LOUISVILLE, Ky. (WDRB) — Hall of Fame trainer Bob Baffert on Sunday morning told reporters that Kentucky Derby winner Medina Spirit had tested positive for an illegal amount of the anti-inflammatory drug betamethasone and could be in danger of being disqualified as Derby winner, if a second sample comes back positive.
An emotional Baffert made an opening statement before taking questions from reporters. The following is a transcript of Baffert’s remarks, with questions paraphrased.
BOB BAFFERT: Yesterday I got a call from Jimmy Barnes heading for the airport, he told me he had some terrible news that he’d just been served by the Kentucky Racing Commission that Medina Spirit, our Derby horse, had been tested positive for 21 pictographs of betamethasone. And all I can tell you is that betamethasone, even though it is an allowed therapeutic medication, we did not give it, my veterinarian, nobody here, in fact Medina Spirit has never been treated with betamethasone. I cannot believe that I’m here before you guys, I never thought I’d be here. Yesterday I got the biggest gut punch in racing for something I that didn’t do. This is really disturbing, it’s an injustice to the horse. I feel like, here you win a race and you’re still not, to me, I don’t know what’s going on in racing right now, but something isn’t right. I don’t feel embarrassed. I feel like I was wronged. We’re going to do a complete investigation, our own investigation, we’re going to be transparent with the racing commission, like we’ve always been. One thing about it, in California, everything is documented every day, what the horses get. This horse was never treated with that. He’s a great horse. He doesn’t deserve this. He ran a gallant race. To me, I just feel, this last 18 months, what I’ve gone through, it’s like all of us right here, just imagine yourselves going to work every day, and if they tested you every day for these levels, these contamination levels, and told you if you tested positive you would be fired, that’s how I feel. I do not feel safe to train. It’s getting worse, and to me, going forward, how do I enjoy training? How do I move forward from this, knowing that something can happen? It’s a complete injustice, but I’m going to fight it tooth and nail, because I owe it to the horse, I owe it to the owner, and to our industry. Our industry needs to step up, and we need to do a better job in racing. There’s something wrong right now. I’ve been talking about it, nothing seems to be done about it, but these contamination levels — and I’m not a conspiracy theorist, I know everybody’s not out to get me, but there’s definitely something wrong. Why is it happening to me. There’s problems in racing, but it’s not Bob Baffert. I just want to get that across to you guys.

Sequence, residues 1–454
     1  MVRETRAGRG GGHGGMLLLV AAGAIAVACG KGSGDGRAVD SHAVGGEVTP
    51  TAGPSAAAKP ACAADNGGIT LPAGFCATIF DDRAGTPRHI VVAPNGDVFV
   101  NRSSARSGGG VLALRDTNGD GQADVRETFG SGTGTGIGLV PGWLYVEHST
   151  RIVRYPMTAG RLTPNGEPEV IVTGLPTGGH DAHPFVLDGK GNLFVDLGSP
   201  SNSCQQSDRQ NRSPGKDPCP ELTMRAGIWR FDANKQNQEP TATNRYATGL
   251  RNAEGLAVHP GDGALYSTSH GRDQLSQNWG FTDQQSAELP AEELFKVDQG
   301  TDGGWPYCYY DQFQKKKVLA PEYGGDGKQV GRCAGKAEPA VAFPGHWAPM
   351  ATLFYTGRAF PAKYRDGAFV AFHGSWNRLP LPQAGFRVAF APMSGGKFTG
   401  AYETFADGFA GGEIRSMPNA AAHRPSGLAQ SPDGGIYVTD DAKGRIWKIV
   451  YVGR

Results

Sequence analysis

Q: Is that a possible disqualification from the Derby?
BAFFERT: First of all, he’s not disqualified yet. We have to go through the process. We have to do a DNA sample. Was it him? Something’s just not right. It’s not a disqualification, it’s not official, until the split sample comes. That’s part of the process. We haven’t even got to that. Usually we wait for that, but I knew I wanted to get in front, I hate this leaking now. Everything leaks out. People knew about it before I did. That’s very disturbing, but we still have to go through a process. He’s still the Derby winner, but we have to go through that process.
Q: You said 21 picograms, do you know the allowable level in Kentucky? And does it matter, if you said you didn’t give it to him?
BAFFERT: I don’t know. We we did not give it to the horse. (The allowed level is 10.) To me, I was totally shocked. When I heard this news, it was shocking, and I’m still trying to absorb it right now. I still can’t believe that I’m talking about it. We should be joyful. We win the most prestigious race in America. The thing about it is, I know I’m the most scrutinized trainer and I have millions of eyes on me. But you know I don’t have a problem with that. The last thing I want to do is do something that would jeopardize the greatest two minutes in sports. I just want to get that out there, that this is terrible but we have to deal with it now.
Q: This was from the post-race sample?
Q: What is your suspicion of what went wrong?